Lobster fishing in Canada is regulated by the federal government. To legally practice lobster fishing in Nova Scotia, you must obtain an existing license as no new licenses are currently being created. Conservation and environment are also duties of the federal government. The fishing season, lobster size, trap design, and number of traps are all designated by the regulator.

Lobsters are caught in traps or “pots” that are baited and dropped to the ocean floor. A long rope bearing a float or buoy marked with the owner’s identity is attached to each trap, permitting retrieval and identification from the surface (several traps can also be linked to each other, with just one attached to a surface float, reducing the number of float lines). Traps are weighted with stone or concrete, to keep them on the ocean floor and reduce movement. Each trap can hold several lobsters; they are checked each day throughout the fishing season, to be emptied and/or re-baited. Lobster traps are made of wire, twine, and wood; there are several different styles in current use. Often, fishers build and repair their own traps.

The lobster fishery of which St Ann’s Bay/North Shore is a part is Lobster Fishing Area (LFA) 27. It encompasses the fishing grounds between the Bay of St Lawrence in the north of Cape Breton, and Gabarus on the south shore west of Louisbourg. In LFA 27, the fishery is open from mid-May to mid-July. Most of the fishing ground is within 20 kilometers of the shore.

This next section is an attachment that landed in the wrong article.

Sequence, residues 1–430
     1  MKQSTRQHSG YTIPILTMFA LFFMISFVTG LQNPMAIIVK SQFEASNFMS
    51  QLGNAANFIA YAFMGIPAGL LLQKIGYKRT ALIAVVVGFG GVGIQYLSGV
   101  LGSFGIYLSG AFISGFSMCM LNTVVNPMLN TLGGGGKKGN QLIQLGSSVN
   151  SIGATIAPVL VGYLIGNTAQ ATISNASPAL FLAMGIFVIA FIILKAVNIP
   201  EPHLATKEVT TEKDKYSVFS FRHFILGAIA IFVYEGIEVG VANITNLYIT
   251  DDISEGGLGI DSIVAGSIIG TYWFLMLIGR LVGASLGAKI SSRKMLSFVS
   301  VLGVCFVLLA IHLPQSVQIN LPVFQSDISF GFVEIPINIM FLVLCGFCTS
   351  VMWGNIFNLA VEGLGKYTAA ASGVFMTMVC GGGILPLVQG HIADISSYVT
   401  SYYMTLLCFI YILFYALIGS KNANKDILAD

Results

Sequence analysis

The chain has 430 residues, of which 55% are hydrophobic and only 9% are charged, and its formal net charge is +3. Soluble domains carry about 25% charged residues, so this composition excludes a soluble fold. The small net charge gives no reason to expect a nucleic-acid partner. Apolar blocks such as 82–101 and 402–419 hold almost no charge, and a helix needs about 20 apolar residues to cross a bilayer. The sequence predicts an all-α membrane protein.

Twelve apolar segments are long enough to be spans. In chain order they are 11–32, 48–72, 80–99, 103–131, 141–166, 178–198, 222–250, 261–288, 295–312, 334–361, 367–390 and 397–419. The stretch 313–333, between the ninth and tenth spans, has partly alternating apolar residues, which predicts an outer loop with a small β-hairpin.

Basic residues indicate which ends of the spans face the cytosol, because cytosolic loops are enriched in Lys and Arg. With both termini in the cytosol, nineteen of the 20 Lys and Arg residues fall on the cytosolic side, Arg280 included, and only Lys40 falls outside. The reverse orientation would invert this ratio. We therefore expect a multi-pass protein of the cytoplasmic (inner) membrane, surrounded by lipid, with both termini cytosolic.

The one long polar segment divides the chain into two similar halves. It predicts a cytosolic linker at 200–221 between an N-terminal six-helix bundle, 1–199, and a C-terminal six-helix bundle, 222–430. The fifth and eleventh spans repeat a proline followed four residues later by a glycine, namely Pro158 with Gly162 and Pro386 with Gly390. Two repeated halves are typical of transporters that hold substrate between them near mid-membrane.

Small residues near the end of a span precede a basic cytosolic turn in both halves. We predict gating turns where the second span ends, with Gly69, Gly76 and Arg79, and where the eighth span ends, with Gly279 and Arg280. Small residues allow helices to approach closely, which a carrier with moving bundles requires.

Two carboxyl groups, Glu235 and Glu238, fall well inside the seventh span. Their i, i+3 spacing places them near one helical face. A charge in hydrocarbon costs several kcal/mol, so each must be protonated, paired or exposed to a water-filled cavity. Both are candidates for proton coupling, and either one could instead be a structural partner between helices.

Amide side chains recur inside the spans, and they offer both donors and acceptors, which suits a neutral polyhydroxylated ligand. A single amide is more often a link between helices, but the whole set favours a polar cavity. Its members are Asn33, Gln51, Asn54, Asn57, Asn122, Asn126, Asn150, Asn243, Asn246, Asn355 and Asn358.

In 2013, the average catch per fisher was 10-12 thousand pounds of lobster. The average price paid was $3.50-$4.00 per pound. Conservation measures for LFA 27 include these regulations:

  • Maximum of 275 traps per license may be deployed
  • Escape vents (sized to allow small lobsters to escape the trap) and ghost panels (larger openings occurring by bio degradation in a single season, to prevent lost traps from permanently trapping animals) must be used in all traps.
  • Carapace (part of the shell covering the back of the head and body) size must be a minimum 81mm (3 and 3/16 inches).
  • Female rock crab that enter the traps must not be retained.

Allowed carapace size in LFA 27 has been increasing since 1997, when it was 70mm (2.75″). The carapace is measured from behind the eye to the back edge of the body shell, not including the tail.

Lobsters mate after the female has molted (shed her shell). After her eggs are fertilized, it may take up to 15 months for the eggs to be extruded to the underside of her tail. She will carry the eggs for another 11 months before the larvae hatch. Young lobsters drift around and settle out in the cobble and rocks on the sea floor. They will moult up to ten times during their first year or so. Juvenile lobsters remain amongst the protective cover of the rocks and kelp beds for up to two years, until they are better able to defend themselves.

Lobsters have been known to migrate significant distances; 5 to 20 kilometres is not unusual. They prefer rocky or hard sea-bottom with a variety of relief rock piles, wharves, reefs, rock ledges. Both male and female lobsters can be harvested. However, female lobsters carrying eggs, or showing signs of having carried eggs, must be returned without harm to the water. Lobster predators include larger lobsters, crabs, groundfish such as cod, halibut, and flat fishes, and seals.

In recent years, the lobster fishery in LFA 27 has annually produced a landed value of approximately $25-30 million.

Thanks to Merrill MacInnis, lobster fisher, for permission to include the text of his presentation to the community at a Seniors Lunch in 2014.

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